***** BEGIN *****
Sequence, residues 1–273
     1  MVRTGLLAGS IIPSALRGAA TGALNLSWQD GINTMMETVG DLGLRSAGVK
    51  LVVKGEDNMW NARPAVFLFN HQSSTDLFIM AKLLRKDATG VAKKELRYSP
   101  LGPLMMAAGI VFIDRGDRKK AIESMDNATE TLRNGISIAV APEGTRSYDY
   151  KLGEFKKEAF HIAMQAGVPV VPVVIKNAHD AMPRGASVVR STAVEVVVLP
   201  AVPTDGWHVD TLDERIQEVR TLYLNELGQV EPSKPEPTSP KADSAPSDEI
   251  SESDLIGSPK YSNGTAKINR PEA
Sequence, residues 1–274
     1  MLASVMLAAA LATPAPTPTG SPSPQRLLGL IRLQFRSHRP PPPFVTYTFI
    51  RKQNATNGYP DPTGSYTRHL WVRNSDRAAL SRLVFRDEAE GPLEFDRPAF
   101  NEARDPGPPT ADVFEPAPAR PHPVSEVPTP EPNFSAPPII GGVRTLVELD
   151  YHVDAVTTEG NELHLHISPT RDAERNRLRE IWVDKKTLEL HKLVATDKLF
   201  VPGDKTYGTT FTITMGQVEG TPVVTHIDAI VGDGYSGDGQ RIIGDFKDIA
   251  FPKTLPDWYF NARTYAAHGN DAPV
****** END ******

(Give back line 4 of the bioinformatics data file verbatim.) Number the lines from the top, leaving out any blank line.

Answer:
   101  LGPLMMAAGI VFIDRGDRKK AIESMDNATE TLRNGISIAV APEGTRSYDY